Classroom Management Part 6: Voice Levels

In the last few months I’ve added some blogs to my “classroom management” series. They’ve all been strategies I’ve learned either from my coach or my students since I started working at Bricolage. First, I explained what hand signals we use to quickly signal when kiddos need bathroom or water. I love the beauty of quickly nodding to a child or doing a lightening fast silent acknowledgment, and that student knowing they can go take care of what they need. It keeps my class in the TL and on track.

gotta poop

Next, I explained how I have implemented Habits of Discussion, or silent signals to help students communicate with me without blurting out so much… it also scaffolds output for students who tend to wait a while before they start “speaking” but it still lets me learn lots about them. Bitmoji Image Today, thanks to my patrons who voted on me writing this blog, I am talking about voice levels. Y’all, I had NO idea I needed these in my teaching life until I arrived at Bricolage and had my mind blown. Bitmoji Image Voice levels are ONE important piece to giving your students CRYSTAL clear instructions. Believe it or not, you can take care of the MAJORITY of your behavior problems through
  1. SLOWING down (in our classes, I’ve found the #1 reason for students NOT doing what I want them to do is that they aren’t comprehending the input, the best way to get them there is to make sure I am going SLOW enough for them)
  2. Clear instructions! The number one reason students misbehave is actually: INCOMPETENCE- Students do not COMPREHEND the instructions or directions given to them
That is why CRYSTAL clear instructions are so so important along with modeling, to get exactly what you want! When I give an instruction or we move into a transition, brain break, or ANY activity in my class, I indicate a voice level for students. I do this IN the TL after just a few times in English (usually first week it is done in English since I’m in English the majority of my first week anyways and by the second I am in Spanish and so is this part of my instruction). Last year, I had a poster up in my room to remind students of what the voice levels were, but I found that since they’re used ALL over my school my students didn’t need it after a month. If these aren’t used else where in your school consider making a poster. I had the levels illustrated rather than using lots of words.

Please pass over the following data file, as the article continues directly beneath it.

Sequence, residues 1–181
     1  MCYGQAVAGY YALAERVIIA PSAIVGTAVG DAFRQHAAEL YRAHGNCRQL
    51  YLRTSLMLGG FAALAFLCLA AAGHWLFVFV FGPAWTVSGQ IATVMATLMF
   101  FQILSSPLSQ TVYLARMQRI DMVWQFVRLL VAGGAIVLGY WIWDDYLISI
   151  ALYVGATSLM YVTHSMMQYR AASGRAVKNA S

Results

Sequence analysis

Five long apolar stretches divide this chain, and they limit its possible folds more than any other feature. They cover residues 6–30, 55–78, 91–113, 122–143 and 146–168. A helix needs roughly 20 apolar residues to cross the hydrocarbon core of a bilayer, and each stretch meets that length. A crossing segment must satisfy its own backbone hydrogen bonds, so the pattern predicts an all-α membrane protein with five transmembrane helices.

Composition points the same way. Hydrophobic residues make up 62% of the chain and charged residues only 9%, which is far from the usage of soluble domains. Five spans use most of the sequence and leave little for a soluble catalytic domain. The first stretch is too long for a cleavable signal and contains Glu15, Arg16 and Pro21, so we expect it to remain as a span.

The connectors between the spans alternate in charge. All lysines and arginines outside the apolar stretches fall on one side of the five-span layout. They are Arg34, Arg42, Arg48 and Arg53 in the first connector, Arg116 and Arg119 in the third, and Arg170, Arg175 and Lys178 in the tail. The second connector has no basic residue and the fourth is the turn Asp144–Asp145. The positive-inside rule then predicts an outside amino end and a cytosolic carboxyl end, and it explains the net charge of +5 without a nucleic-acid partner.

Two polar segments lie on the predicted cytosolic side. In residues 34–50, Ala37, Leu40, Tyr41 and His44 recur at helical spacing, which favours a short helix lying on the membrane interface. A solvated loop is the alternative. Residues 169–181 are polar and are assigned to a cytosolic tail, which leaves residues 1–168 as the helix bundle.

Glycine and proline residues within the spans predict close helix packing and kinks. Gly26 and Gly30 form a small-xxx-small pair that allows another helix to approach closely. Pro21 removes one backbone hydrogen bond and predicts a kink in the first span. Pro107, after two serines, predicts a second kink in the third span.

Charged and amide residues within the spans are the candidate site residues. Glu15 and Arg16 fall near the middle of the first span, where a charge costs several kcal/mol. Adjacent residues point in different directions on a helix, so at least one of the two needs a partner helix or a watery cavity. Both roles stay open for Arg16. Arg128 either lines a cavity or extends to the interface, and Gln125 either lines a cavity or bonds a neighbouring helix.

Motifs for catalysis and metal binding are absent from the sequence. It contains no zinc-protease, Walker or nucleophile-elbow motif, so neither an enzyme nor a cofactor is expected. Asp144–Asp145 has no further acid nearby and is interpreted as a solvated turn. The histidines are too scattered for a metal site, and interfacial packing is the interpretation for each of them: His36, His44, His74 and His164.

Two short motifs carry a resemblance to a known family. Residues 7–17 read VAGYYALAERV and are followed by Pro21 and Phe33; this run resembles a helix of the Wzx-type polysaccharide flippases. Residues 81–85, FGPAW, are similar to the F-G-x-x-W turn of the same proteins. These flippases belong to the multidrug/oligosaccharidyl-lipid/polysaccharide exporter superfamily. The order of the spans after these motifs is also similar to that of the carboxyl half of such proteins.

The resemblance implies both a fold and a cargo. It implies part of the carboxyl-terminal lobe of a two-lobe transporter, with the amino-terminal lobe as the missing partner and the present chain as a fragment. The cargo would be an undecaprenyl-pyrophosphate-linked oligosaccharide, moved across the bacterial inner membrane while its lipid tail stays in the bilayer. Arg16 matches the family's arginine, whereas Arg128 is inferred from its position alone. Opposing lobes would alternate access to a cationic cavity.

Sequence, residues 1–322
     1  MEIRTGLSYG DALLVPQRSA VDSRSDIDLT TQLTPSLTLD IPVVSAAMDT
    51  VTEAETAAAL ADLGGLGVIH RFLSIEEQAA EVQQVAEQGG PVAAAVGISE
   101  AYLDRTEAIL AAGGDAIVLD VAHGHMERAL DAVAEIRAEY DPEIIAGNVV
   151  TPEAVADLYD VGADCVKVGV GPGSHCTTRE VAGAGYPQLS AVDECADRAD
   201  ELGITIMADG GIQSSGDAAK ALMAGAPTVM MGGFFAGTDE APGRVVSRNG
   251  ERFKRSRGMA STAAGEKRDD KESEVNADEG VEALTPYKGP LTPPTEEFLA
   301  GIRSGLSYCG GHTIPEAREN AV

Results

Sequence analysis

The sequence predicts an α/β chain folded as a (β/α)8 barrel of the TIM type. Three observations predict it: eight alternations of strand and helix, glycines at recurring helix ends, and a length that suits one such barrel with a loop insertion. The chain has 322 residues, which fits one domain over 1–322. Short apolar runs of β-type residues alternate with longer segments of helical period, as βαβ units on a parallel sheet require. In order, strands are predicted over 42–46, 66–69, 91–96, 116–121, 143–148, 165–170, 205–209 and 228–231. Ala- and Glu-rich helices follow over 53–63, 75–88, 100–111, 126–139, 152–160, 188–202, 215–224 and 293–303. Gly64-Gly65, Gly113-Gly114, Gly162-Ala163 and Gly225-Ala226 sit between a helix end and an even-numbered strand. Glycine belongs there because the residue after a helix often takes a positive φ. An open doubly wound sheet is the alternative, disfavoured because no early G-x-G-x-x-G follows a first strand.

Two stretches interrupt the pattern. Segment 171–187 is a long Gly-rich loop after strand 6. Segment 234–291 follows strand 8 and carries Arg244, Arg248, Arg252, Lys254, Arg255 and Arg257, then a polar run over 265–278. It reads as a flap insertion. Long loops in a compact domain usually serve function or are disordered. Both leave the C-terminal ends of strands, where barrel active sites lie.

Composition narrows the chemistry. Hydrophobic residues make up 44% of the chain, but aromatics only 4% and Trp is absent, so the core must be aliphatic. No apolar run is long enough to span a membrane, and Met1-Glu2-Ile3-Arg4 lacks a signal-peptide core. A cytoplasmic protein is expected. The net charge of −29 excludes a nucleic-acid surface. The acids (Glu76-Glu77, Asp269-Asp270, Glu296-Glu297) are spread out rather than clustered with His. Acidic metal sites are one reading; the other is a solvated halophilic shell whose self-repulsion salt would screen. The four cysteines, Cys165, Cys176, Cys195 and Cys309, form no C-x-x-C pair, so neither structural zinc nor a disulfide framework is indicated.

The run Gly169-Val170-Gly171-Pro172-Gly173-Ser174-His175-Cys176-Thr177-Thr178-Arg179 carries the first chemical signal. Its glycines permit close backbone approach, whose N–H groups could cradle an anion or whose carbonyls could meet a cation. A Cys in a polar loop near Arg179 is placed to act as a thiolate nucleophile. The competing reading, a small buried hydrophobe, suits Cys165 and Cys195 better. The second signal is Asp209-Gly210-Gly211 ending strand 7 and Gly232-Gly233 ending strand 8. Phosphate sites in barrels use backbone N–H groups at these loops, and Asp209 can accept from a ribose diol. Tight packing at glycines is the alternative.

• Level 0– SILENT
  • Level 1– Pair work- Your voice is at a level where only the person next to you can hear what you’re saying. Teacher and students can see you’re talking but don’t know what you’re talking about unless we are right next to you
  • Level 2– Group work- Your voice is at a level where the friends and peers around you can hear what you’re saying in a group of 5-6 people. When you raise your hand and speak to the class, this is the level you use
  • Level 3– Presentation voice- (which since my kids never present to the class, I called this OUTSIDE voice) When you’re playing at recess or you’re at a football game cheering on your team, THIS Is the voice you use. It is your power voice. It will RARELY if EVER be used in the classroom (because the LA teacher next door will get me fired…not really… but I make up a white lie like that to make them chuckle…)
I explain that I am at a level two while teaching and sometimes when students are doing group work and I have to call their attention, my voice level gets to a 3. Then we PRACTICE the voice levels a LOT the first week. I have them share their norms at different voice levels. We play different brain breaks at different voice levels, (especially when there is TESTING already next door on the FIRST week… whaaaat!?) ANY time I address students on their transitions IN my class, TO my class, or FROM my class, I comment and narrate on their voice levels “Play RPS at a level 1 with 5 different people, GO!” “We are at a level 1 in the hall”, “WOW! Clase! This sounds like the PERFECT level 1, let’s move to the class at a level 0” “Mieracol, we are at a level 0” (reminding language) “Susie is at a level 1 as she’s working with Pierre” (reinforcing language). Etc. If my expectations aren’t met, we repeat the instruction until they are and I praise praise praise when I get that! ESPECIALLY if they meet those expectations on the first try!
There you have it!  My Familia Loca members: Lacey, Angels and Aamina were hoping I would talk more about TEACHER voice. I do have this blog on that, but I will do another soon on MAINTAINING our most powerful teacher tool (other than the white lie)…. OUR VOICE! Much love to all of you! HAPPY TEACHING! Love, La Maestra Loca


  1. Thank you for making me laugh! You have some great points! I will try to give those brain breaks and slow down. I do want my students to listen and understand content!

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